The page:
3. Bringing in paid labor. Yes, agricultural exemptions allow farmers to pay as little in practice as $3/hour. This is appalling. There is no way that such low wages, or even $10/hour in most markets, can provide for the needs listed above. Perhaps if all those other needs are met in non-monetary exchanges, then this can be a positive experience. Otherwise, it’s not likely to be positive for either party. In his analysis of farming labor, Booker T. Whatley advised that farms should only offer full-time, year-round, living wage employment if they want to avoid exploitation. While this is complicated, it’s a good benchmark.
4. Educational exchange, internships, Wwoofing, course tuition: This is so important it’s going to be its own article, but here are the basics. If education is part of the compensation package, then that education needs to be of real cash value. The skills being learned and practiced need to be of real cash value.
Weeding is not a valuable skill. Watering is not a valuable skill. Spraying is not a valuable skill. Following instructions is not a valuable skill for life advancement.
The skills being learned in an internship should be applicable to earning a good living wage and meeting the needs above: these are things like planting design, succession plans, crop selection, marketing, customer service, realistic business plans, whole management systems….
If the farm is only profitable due to low-cost labor, then the system the interns or woofers are learning is exploitation.
This is why people look at wwoofing as training to be farmers, but instead, it’s the biggest reason for the spread of poor farming practices.
The Permaculture Design Certificate Course is a valuable piece of capital, but in the age of online and even free PDCs it is considerably less valuable than it was just 5 years ago. In many cases, it ALONE may not be a valuable piece of capital for young people with little capital. When we’re young, our number one life job should be to invest our time and resources into developing valuable capital.
An excellent course by a great practitioner doing successful non-exploitive work in the area you want to be working in may be more valuable.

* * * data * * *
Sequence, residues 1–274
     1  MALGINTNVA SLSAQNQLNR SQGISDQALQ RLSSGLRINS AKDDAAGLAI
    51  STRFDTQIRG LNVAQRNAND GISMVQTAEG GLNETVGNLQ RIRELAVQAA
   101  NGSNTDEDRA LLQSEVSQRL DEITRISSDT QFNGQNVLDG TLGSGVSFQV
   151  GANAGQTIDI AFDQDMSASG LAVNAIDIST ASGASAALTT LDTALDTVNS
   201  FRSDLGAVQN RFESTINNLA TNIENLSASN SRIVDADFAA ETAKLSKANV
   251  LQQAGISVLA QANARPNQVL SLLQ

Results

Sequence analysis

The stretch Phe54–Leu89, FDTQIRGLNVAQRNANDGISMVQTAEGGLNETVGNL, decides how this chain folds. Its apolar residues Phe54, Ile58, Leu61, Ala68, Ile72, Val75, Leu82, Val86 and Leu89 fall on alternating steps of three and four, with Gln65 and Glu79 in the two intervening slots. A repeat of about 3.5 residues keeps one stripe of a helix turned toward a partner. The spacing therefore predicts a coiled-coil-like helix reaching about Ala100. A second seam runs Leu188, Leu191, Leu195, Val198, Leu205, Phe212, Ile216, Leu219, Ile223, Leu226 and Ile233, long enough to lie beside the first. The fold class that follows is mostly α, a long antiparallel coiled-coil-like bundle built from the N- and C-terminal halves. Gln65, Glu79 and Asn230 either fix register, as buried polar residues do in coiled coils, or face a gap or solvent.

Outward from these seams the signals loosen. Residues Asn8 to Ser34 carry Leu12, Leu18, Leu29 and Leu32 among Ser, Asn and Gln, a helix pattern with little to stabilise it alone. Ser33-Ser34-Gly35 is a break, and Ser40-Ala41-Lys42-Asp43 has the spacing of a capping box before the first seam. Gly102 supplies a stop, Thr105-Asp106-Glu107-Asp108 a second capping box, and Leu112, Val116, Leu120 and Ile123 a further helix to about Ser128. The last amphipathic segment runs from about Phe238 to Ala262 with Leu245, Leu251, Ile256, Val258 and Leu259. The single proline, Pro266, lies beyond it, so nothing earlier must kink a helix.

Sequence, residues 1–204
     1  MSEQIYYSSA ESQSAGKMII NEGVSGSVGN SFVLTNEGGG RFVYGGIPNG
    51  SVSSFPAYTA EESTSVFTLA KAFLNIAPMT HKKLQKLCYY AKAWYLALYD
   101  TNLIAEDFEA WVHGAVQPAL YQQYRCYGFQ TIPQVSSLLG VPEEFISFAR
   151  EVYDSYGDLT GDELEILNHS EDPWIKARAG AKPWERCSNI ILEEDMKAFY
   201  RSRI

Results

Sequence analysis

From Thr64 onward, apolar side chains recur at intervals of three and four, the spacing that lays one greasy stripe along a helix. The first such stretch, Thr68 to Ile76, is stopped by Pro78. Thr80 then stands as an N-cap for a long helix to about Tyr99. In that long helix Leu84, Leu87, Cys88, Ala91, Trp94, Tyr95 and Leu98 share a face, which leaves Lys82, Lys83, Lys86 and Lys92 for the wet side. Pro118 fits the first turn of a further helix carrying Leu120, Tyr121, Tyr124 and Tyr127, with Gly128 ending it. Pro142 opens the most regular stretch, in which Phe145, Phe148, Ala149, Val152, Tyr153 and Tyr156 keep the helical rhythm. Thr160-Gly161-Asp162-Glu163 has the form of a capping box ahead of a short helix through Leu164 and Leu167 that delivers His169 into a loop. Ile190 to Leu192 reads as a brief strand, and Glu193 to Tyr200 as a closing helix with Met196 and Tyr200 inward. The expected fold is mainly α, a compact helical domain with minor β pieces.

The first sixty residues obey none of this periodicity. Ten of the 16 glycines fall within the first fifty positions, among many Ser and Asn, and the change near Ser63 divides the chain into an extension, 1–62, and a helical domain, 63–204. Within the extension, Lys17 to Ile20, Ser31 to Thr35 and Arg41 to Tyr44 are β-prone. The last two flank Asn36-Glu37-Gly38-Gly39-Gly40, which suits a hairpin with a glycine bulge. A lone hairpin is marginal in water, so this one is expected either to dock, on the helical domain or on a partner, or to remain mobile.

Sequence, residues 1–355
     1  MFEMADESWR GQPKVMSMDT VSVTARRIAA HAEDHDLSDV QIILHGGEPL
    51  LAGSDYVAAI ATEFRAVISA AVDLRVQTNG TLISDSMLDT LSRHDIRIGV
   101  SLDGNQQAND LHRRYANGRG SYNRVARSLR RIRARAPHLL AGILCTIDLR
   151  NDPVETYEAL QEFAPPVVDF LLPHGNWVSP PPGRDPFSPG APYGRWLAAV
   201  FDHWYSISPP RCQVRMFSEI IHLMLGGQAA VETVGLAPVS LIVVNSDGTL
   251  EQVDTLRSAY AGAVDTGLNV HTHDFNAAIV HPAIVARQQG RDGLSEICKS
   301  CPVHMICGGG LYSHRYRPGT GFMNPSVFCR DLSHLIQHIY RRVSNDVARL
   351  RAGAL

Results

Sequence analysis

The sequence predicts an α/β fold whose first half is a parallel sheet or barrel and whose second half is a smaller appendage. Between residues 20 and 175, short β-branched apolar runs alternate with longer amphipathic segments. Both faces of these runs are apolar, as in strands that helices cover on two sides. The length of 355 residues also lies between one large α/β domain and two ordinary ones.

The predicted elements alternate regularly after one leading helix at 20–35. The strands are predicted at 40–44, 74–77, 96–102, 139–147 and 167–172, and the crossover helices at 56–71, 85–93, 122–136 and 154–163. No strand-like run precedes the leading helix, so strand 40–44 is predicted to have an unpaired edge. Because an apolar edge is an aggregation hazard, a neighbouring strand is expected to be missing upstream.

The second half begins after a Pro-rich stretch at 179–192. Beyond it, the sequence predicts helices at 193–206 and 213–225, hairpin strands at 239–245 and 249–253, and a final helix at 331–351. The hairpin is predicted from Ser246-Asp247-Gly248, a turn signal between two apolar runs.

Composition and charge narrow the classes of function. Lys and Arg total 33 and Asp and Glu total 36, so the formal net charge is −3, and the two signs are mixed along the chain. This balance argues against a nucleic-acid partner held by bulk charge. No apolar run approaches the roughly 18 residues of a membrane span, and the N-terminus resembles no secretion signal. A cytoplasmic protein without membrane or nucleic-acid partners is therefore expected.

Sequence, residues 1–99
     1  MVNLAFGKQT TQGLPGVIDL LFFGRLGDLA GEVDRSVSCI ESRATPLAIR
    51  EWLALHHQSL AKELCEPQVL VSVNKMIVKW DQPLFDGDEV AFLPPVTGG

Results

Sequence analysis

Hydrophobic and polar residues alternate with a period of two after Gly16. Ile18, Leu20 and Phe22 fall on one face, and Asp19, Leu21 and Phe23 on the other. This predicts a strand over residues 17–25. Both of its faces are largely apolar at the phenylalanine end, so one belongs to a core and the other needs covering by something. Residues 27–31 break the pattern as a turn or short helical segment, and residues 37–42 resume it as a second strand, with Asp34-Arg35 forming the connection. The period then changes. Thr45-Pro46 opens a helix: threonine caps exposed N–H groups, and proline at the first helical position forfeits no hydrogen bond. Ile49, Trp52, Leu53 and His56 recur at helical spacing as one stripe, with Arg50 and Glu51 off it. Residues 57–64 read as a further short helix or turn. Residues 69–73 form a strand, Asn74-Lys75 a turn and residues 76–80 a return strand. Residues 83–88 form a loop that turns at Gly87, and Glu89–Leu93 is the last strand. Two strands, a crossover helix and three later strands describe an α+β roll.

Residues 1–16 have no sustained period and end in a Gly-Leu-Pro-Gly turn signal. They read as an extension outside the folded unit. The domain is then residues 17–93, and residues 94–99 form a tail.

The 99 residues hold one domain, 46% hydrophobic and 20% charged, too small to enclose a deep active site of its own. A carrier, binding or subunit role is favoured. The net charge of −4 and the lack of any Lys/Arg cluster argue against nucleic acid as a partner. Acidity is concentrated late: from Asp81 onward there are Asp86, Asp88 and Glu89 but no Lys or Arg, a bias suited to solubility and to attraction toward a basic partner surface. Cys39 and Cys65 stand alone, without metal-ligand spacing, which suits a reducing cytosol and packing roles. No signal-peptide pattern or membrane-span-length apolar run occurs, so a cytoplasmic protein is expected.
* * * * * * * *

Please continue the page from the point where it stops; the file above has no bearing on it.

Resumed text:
But the best Permaculture designers and teachers are already thinking of ways to increase the actual value of such opportunities as forms of capital. That’s where the future is, and students would be smart to seek out those opportunities.
5. Room and board alone. The fact is, there will be young people looking to travel who need low-cost places to stay and have little more than their labor to offer for it. And there will be farmers who need labor. So this isn’t going away. But the other fact is that it causes a lot of horror stories for both sides. You don’t want to live a horror story. So, consider how you can send each guest away with real value. Consider: what forms of capital and knowledge have they developed from their stay? That’s my advice.
6. Food exchange. This is often done as part of a CSA payment. I have done this when I didn’t have land access. If the food received is the same as cash for an hourly rate, then this is likely to make both parties happy. If not, be ready to say good bye to the customer and the labor.
7. Co-operative enterprises. Another way to access labor is to create cooperatives. There are different kinds of cooperatives, ones where workers own the enterprize, others where consumers own the enterprize to benefit themselves, and others that are a mix of the two. Usually, people focus on worker co-ops, but for land stewards looking to access labor, cooperating with consumer co-ops could be a valuable tool. We’ve had experiments with this in S.W. Michigan, which could be the building block for others who want to use that tool.
8. More creative, individualized forms of capital. As Permaculture designers, we should understand that we have many forms of capital available to us, and our laborers may have many forms of capital to offer. The real question, is how do we invest them together to become wealthier? We should want all those who are looking to do earth stewardship to grow wealthier, because that makes us wealthier. If you get something from Lillie House that gives you more political and social capital, then perhaps you’ll be able to spend some of that back to us if we are in need of it. And together as a community, if we have enough wealth, social and political capital, we may be able to some day flex real muscle in the protection of the earth, its people and all its beings.
Each interaction with labor is an opportunity for us to grow that wealth and a better future.